Wanting to seem “cool” with the whole authentic experience (and to be fair, I think I am), I reassure Craig that whatever hovel he resides in will be more than adequate. He presses the issue. “I want you to understand what you are getting into.” I decide to be quiet.
We are driving through downtown East London and it looks a lot like the bad areas I am familiar with except that everyone on the street is black. “This is Quigney – your new home.” Stucco houses in pastels line the streets. It’s clear that in their prime they were part of a vibrant and colourful oceanfront, but heyday has given way to mayday in this area. Auto parts stores, bedding outlets, pawn shops and adult emporia are king. Even convenience stores are curiously absent; it is a relief to see Crazy J’s Liquors as it is now ranked the number one place at which I might shop in my new neighbourhood.
We crest Inverleith Terrace (doesn’t that sound aristocratic?), our home street. I catch a glimpse of remarkable waterfront. Foamy waves bathe great grey slabs of rock that abut a pedestrian promenade. It is a vigorous, almost pugilistic landscape. Nothing is still and even the colours (sky, sea, street) remind me of bruises. The wind is relentless, even though it is a sunny day.
From the outside, Kennaway Court is a slightly run down and unremarkable building. On the inside, it oozes broken down gentility. Its history as an upscale beachfront hotel is commemorated in a linoleum mosaic in the lobby: white women in their finery picnic on the beach while black men in loincloths labour unloading crates under the watchful eye of white military men, some on horseback.
We get in the elevator and hit ‘5’. Though the lower floors are still reserved for the hotel, the top floors are now residences. At 5 we disembark and walk down an unremarkable hallway. Craig is at the door to my new home. He’s explaining that the locking metal grate (like a jail cell door that goes over your regular front door for added security) has been removed to be cleaned of rust. The skeleton key is in the lock, twisting and as it catches Craig is saying something, again, about squalor.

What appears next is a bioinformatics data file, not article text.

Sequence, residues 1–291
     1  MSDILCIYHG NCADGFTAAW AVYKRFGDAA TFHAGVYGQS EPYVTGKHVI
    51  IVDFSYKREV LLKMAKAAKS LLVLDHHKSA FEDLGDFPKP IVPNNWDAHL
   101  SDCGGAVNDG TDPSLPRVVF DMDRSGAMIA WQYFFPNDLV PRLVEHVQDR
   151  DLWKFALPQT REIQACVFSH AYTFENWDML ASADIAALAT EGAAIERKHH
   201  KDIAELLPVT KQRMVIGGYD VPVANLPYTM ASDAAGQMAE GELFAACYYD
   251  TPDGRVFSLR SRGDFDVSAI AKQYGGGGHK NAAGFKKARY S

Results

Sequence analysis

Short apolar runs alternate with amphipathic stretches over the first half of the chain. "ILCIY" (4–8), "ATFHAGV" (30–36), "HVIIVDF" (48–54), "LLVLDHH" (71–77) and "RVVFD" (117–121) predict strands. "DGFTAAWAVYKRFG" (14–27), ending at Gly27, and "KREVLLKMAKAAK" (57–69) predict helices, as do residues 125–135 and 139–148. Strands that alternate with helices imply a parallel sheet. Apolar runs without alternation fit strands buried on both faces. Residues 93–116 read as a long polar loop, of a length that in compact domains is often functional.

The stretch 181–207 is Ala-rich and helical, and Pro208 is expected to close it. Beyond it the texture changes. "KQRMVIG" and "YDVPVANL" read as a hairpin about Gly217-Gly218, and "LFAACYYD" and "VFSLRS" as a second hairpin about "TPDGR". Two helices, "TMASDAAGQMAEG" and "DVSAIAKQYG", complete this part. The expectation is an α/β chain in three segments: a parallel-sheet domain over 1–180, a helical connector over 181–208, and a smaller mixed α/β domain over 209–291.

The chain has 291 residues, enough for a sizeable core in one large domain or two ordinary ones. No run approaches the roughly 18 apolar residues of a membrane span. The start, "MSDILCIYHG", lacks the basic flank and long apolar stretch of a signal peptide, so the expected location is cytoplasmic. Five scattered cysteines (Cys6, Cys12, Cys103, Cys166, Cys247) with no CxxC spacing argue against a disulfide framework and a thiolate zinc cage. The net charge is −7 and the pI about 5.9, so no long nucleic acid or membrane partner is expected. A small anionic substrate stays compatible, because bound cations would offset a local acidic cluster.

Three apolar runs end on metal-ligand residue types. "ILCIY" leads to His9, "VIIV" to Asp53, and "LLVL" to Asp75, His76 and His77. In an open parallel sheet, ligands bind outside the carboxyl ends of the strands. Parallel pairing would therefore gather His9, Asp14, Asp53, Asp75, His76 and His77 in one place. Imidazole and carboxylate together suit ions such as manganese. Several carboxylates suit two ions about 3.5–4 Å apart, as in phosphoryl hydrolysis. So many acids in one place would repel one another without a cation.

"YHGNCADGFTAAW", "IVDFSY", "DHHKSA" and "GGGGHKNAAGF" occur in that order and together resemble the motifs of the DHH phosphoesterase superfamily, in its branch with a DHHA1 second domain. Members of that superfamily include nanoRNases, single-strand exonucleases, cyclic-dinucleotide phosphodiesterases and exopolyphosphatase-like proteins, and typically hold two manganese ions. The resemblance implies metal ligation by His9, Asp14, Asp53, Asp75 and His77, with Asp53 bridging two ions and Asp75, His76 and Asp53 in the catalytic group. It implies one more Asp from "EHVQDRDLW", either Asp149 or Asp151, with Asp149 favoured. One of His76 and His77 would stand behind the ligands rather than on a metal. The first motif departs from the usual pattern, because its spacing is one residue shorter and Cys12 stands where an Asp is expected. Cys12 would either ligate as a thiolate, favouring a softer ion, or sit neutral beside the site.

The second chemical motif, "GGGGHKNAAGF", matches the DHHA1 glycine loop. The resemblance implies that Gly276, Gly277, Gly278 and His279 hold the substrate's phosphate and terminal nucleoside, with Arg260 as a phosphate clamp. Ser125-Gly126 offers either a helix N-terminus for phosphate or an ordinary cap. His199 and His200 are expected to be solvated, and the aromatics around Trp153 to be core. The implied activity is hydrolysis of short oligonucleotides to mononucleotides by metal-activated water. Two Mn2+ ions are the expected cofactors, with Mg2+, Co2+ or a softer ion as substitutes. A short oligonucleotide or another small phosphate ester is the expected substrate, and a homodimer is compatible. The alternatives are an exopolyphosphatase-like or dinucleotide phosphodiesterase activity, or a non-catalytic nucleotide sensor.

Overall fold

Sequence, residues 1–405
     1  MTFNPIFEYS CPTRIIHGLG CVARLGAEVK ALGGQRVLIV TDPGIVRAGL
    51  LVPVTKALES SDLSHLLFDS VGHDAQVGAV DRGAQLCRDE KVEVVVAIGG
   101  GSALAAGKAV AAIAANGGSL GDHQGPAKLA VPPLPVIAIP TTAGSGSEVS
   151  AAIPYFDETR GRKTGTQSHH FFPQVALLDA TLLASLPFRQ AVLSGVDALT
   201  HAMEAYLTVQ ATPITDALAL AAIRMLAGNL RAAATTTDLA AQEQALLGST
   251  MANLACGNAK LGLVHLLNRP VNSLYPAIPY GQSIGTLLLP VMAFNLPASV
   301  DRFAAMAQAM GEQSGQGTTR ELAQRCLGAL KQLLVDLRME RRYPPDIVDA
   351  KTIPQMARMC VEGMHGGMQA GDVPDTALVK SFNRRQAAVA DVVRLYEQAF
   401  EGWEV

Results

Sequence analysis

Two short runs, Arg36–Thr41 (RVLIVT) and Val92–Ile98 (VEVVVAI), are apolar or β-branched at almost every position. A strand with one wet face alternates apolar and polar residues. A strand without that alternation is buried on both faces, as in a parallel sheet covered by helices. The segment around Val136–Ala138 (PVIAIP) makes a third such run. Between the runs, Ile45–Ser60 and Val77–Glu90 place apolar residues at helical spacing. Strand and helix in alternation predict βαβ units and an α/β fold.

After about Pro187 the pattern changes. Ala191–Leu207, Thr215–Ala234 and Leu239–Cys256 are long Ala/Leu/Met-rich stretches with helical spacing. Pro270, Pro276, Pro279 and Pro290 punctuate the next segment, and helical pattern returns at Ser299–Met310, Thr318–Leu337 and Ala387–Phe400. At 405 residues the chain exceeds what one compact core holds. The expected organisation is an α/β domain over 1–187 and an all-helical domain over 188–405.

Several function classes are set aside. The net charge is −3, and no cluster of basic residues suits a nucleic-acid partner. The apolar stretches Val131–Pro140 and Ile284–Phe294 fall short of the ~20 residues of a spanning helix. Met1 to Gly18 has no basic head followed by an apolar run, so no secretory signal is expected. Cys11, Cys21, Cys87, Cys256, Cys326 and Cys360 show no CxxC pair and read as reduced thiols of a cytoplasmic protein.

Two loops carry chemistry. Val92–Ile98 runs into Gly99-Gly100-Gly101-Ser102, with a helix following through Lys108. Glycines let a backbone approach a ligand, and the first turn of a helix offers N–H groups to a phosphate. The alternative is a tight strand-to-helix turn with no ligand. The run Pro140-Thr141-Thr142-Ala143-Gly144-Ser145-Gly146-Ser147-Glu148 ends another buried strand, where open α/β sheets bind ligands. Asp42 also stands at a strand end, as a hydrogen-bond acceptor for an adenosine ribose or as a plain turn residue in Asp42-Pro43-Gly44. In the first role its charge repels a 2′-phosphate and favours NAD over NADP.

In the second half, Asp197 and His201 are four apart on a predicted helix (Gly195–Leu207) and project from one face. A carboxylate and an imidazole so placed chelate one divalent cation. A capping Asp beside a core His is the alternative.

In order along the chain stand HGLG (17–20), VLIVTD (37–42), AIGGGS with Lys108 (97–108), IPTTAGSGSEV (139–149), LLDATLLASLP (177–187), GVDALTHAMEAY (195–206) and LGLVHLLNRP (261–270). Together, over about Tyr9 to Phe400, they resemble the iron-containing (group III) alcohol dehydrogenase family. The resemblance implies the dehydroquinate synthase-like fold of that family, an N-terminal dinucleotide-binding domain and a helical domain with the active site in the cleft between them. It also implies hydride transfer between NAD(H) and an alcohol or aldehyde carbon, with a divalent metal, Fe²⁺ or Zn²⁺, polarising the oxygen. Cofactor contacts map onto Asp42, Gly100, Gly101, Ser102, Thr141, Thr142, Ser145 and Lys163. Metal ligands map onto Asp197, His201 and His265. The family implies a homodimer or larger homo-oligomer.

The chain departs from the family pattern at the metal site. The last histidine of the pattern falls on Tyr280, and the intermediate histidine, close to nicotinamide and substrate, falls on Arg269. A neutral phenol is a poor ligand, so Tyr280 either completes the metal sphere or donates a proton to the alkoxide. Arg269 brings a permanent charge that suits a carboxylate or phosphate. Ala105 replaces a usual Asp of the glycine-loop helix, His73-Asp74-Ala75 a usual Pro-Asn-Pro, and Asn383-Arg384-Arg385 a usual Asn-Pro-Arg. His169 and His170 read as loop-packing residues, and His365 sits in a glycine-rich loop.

The door swings open effortlessly on its hinge. The apartment is easily three times are large as mine, and with its marble tiles, pristine steel appliances, and picture window overlooking the ocean, it is also easily three times as luxurious. “You bastard,” I laugh and Craig begins the tour.
Here is the toilet, separate from the shower and jacuzzi tub. I’ve cleared you two shelves for your toiletries and the towel on the left is yours. This is my bedroom. I don’t have a lot of personal space issues so you needn’t wait until I am out to go through my drawers. Here is your room. It has wireless and I have emptied the desk because I know you will be writing a lot. The CD player is loaded with CDs of the hottest African artists – you should find it inspiring. The cleaner comes on Thursdays but this week it’s a national holiday so she will be here on Wednesday. Her name is Mandisa. Come to the living room – look out the window. In the mornings you can see dolphins and whales right here. Look for a dark spot under the waves and hopefully you’ll catch them when they breach...
So this is East London – a place of extreme aesthetic disparity that echoes the class and race imbalances evident in the lives of those who live here. It is awkward, thrilling, and discomfiting. I get a slippery anxious feeling in my gut when I see myself flitting around East London in a BMW, retiring in the evenings to Kennaway Court, and looking forward to Thursday when an amaXhosa woman will wash my laundry. I feel guilty.
I also feel exhilarated by the freedom. Here you go, have a few rand tip. It’s less than a dollar to me. I can eat what I want, buy what I want, do what I want. I can live, as they say, like a king.